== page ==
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Dispersion “bonds”: a new example with an ultra-short H…H distance.

June 26th, 2017
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About 18 months ago, there was much discussion on this blog about a system reported by Bob Pascal and co-workers containing a short H…H contact of ~1.5Å[1]. In this system, the hydrogens were both attached to Si as Si-H…H-Si and compressed together by rings. Now a new report[2] and commented upon by Steve Bachrach, claims a similar distance for hydrogens attached to carbon, i.e. C-H…H-C, but without the ring compression.

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References

  1. J. Zong, J.T. Mague, and R.A. Pascal, "Exceptional Steric Congestion in anin,in-Bis(hydrosilane)", Journal of the American Chemical Society, vol. 135, pp. 13235-13237, 2013. http://dx.doi.org/10.1021/ja407398w
  2. S. Rösel, H. Quanz, C. Logemann, J. Becker, E. Mossou, L. Cañadillas-Delgado, E. Caldeweyher, S. Grimme, and P.R. Schreiner, "London Dispersion Enables the Shortest Intermolecular Hydrocarbon H···H Contact", Journal of the American Chemical Society, vol. 139, pp. 7428-7431, 2017. http://dx.doi.org/10.1021/jacs.7b01879

Chemistry rich diagrams: do crystal structures carry spin information? Iron-di-imine complexes.

June 18th, 2017
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The iron complex shown below forms the basis for many catalysts.[1] With iron, the catalytic behaviour very much depends on the spin-state of the molecule, which for the below can be either high (hextet) or medium (quartet) spin, with a possibility also of a low spin (doublet) state. Here I explore whether structural information in crystal structures can reflect such spin states.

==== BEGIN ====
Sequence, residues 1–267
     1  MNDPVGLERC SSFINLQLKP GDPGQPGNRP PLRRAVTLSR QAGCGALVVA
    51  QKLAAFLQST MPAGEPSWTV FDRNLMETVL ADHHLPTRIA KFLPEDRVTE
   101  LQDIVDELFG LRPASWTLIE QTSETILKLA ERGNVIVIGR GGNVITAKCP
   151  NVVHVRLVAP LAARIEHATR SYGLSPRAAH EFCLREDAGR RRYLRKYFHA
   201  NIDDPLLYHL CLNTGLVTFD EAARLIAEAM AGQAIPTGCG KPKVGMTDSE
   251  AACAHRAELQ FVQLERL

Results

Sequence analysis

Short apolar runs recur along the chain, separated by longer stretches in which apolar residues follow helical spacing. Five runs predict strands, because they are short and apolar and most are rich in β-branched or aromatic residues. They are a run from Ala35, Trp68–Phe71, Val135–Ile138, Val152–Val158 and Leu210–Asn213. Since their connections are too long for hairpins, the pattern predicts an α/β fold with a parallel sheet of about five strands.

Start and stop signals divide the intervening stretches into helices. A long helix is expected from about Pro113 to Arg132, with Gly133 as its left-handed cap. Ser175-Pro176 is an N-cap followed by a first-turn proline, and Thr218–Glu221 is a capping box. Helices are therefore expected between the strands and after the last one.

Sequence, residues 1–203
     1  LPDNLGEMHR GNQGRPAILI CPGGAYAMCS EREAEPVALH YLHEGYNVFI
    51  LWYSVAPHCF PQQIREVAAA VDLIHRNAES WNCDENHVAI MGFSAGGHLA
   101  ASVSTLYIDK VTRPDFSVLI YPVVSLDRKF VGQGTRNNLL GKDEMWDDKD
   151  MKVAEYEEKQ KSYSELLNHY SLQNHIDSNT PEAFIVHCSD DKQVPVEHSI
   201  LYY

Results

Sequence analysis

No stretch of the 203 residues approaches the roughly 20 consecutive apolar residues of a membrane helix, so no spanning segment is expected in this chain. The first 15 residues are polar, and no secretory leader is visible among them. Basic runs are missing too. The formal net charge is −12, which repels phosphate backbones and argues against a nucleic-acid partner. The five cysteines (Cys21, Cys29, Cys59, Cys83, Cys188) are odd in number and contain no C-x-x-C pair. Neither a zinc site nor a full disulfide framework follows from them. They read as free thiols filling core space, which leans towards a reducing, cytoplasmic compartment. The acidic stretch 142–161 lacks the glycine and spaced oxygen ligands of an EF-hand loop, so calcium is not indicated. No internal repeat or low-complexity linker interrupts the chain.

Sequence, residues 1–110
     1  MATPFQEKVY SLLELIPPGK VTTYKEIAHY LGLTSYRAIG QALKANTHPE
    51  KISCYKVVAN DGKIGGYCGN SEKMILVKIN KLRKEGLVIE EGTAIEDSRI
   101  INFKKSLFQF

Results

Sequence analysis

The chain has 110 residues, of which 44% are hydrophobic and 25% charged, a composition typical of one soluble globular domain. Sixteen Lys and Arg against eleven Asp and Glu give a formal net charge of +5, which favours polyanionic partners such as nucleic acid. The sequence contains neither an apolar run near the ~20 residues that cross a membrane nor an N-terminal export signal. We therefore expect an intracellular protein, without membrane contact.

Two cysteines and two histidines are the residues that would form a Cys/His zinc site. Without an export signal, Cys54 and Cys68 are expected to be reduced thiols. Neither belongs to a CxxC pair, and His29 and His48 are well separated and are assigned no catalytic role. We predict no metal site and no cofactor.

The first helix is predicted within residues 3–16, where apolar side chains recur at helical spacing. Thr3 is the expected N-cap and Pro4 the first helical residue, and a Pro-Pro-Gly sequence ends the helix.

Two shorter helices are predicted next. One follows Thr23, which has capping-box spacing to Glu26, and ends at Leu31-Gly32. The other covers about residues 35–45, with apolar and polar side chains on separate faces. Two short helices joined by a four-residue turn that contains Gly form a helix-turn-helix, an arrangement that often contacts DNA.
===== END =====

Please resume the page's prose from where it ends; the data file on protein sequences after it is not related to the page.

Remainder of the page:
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References

  1. M.P. Shaver, L.E.N. Allan, H.S. Rzepa, and V.C. Gibson, "Correlation of Metal Spin State with Catalytic Reactivity: Polymerizations Mediated by α-Diimine–Iron Complexes", Angewandte Chemie International Edition, vol. 45, pp. 1241-1244, 2006. http://dx.doi.org/10.1002/anie.200502985

Twenty one years of chemistry-related Java apps: RIP Java?

June 10th, 2017
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In an earlier post, I lamented the modern difficulties in running old instances of Jmol, an example of an application program written in the Java programming language. When I wrote that, I had quite forgotten a treasure trove of links to old Java that I had collected in 1996-7 and then abandoned. Here I browse through a few of the things I found.

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How to search data repositories for FAIR chemical content and data: SubjectScheme

June 8th, 2017
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As data repositories start to flourish, it is reasonable to ask questions such as what sort of chemistry can be found there and how can I find it? Here I give an updated[1] worked example of a digital repository search for chemical content and also pose an important issue for the chemistry domain.

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References

  1. H.S. Rzepa, A. Mclean, and M.J. Harvey, "InChI As a Research Data Management Tool", Chemistry International, vol. 38, 2016. http://dx.doi.org/10.1515/ci-2016-3-408